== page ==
Vertigo in migraine is an integral manifestation of migraine, rather than a prodromal or aura symptom, a new study suggests. The Migraine and Neck Pain Survey gathered data from nearly 500 adult participants in a questionnaire-based survey. Researchers re-analyzed patients with episodic migraine with and without aura who experienced episodic vertigo (eV) anytime around their migraine attacks. They defined 3 different time periods. Among the findings:
- 30% of participants reported eV anytime during their migraine attack; 16% notice eV with the start of the headache, 10% within 2 hours before the headache, and 3% experienced eV 2‒48 hours before the headache.
- 26.7% of patients could be diagnosed with vestibular or probable vestibular migraine, supporting the clinical association of migraine and vertigo.
Lampl C, Rapoport A, Levin M, Bräutigam E. Migraine and episodic vertigo: A cohort survey study of their relationship. [Published online ahead of print April 8, 2019]. J Headache Pain. doi:10.1186/s10194-019-0991-2.
Vertigo and migraine remain tricky in clinical diagnosis and classification. This study suggests episodic vertigo occurs in ~30% of migraine respondents. Vertigo, for most, was “more of a headache phase phenomenon, rather than prodromal.” That said, 16% had vertigo before attacks, again making distinction of the vertigo from aura and prodrome more challenging depending on the time separating episodic vertigo and migraine pain.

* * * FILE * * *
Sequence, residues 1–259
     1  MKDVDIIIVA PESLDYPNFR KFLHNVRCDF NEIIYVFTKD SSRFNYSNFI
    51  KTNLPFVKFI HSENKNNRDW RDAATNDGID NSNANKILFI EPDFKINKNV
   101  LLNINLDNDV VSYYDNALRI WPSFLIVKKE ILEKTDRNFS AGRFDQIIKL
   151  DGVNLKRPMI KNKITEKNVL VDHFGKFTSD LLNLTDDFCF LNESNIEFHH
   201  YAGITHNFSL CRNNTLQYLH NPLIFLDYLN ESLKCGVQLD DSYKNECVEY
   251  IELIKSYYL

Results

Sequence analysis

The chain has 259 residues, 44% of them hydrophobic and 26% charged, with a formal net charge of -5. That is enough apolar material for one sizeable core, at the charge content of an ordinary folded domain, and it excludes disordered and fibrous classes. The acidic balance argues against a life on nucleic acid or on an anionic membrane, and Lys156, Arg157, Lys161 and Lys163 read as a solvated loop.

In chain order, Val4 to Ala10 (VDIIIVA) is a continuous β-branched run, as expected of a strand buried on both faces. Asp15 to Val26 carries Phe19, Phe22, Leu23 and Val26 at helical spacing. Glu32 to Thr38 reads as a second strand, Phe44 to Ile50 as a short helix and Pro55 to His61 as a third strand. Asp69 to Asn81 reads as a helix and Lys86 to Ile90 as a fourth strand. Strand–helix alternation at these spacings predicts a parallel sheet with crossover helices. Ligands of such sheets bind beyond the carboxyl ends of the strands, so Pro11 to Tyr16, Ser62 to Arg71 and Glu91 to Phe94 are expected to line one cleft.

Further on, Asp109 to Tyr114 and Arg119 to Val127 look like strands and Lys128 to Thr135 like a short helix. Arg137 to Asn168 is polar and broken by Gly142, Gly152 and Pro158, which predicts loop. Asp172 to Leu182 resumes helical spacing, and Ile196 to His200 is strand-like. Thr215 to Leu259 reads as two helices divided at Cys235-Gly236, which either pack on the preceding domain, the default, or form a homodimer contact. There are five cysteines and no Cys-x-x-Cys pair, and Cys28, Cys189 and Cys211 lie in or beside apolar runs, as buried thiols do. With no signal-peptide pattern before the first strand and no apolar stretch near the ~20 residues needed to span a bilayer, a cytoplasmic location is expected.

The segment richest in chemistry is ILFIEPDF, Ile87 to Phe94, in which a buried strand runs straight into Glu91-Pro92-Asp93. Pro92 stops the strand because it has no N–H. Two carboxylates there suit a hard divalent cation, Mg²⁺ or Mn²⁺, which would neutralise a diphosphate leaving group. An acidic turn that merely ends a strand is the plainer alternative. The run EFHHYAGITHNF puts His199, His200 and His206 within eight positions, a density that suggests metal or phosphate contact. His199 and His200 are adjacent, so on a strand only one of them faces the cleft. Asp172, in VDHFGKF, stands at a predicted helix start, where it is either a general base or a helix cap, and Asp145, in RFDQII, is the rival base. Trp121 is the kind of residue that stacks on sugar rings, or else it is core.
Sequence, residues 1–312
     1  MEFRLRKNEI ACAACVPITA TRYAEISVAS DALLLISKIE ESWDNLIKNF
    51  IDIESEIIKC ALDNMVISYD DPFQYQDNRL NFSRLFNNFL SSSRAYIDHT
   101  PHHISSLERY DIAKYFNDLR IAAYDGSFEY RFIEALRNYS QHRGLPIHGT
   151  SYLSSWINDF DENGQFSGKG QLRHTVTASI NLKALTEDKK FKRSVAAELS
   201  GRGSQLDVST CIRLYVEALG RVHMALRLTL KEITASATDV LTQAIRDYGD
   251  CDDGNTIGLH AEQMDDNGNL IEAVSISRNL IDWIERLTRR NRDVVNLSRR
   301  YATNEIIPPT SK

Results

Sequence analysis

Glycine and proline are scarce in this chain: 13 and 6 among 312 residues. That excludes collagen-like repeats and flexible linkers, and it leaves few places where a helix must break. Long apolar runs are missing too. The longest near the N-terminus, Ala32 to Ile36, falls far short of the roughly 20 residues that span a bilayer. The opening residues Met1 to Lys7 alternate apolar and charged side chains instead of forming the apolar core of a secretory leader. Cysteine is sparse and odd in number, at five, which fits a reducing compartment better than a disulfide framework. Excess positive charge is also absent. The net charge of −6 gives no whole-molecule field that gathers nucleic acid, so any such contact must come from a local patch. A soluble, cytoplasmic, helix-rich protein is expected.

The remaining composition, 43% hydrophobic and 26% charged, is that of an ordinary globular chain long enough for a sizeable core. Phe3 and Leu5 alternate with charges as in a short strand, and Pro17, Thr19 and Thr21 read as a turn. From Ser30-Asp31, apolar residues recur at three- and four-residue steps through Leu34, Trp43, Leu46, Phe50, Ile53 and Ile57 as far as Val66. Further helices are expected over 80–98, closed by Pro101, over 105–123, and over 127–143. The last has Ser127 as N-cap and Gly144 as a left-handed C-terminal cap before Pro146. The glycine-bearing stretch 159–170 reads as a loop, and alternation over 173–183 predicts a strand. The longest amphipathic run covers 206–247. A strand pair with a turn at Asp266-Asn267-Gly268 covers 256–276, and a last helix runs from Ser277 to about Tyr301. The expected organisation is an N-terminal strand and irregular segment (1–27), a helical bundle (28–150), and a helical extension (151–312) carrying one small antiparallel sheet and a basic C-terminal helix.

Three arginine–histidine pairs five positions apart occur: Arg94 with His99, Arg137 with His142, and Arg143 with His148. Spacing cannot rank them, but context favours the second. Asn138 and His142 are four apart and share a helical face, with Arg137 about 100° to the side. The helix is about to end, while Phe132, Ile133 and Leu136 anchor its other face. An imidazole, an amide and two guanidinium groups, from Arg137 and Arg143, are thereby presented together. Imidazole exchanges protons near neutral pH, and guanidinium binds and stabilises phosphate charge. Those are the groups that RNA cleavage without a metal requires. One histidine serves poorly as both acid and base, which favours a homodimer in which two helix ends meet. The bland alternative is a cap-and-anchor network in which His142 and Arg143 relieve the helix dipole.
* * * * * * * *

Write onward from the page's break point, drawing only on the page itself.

Beh et al (Headache 2019;doi: 10.1111/head.13484) described 131 patients with vestibular migraine. Benign paroxysmal positional vertigo was reported in 13%, while 88.6% reported interictal dizziness, not definitely vertigo. Overlap and difficulty in defining where vertigo with the illusion of motion including spinning and non-spinning sensations ends and non-specific dizziness with other vestibular symptoms begin is problematic.
It is clear from these studies that vertigo and vestibular symptoms occupy a spectrum, and will require continued large cohort studies and, probably, functional imaging, to finally clarify relationships of migraine, vertigo, dizziness, comorbid affective disorders, aura, and prodrome. —Stewart J. Tepper, MD, FAHS, Professor of Neurology, Geisel School of Medicine at Dartmouth, Director, Dartmouth Headache Center, Dartmouth-Hitchcock Medical Center, Lebanon, NH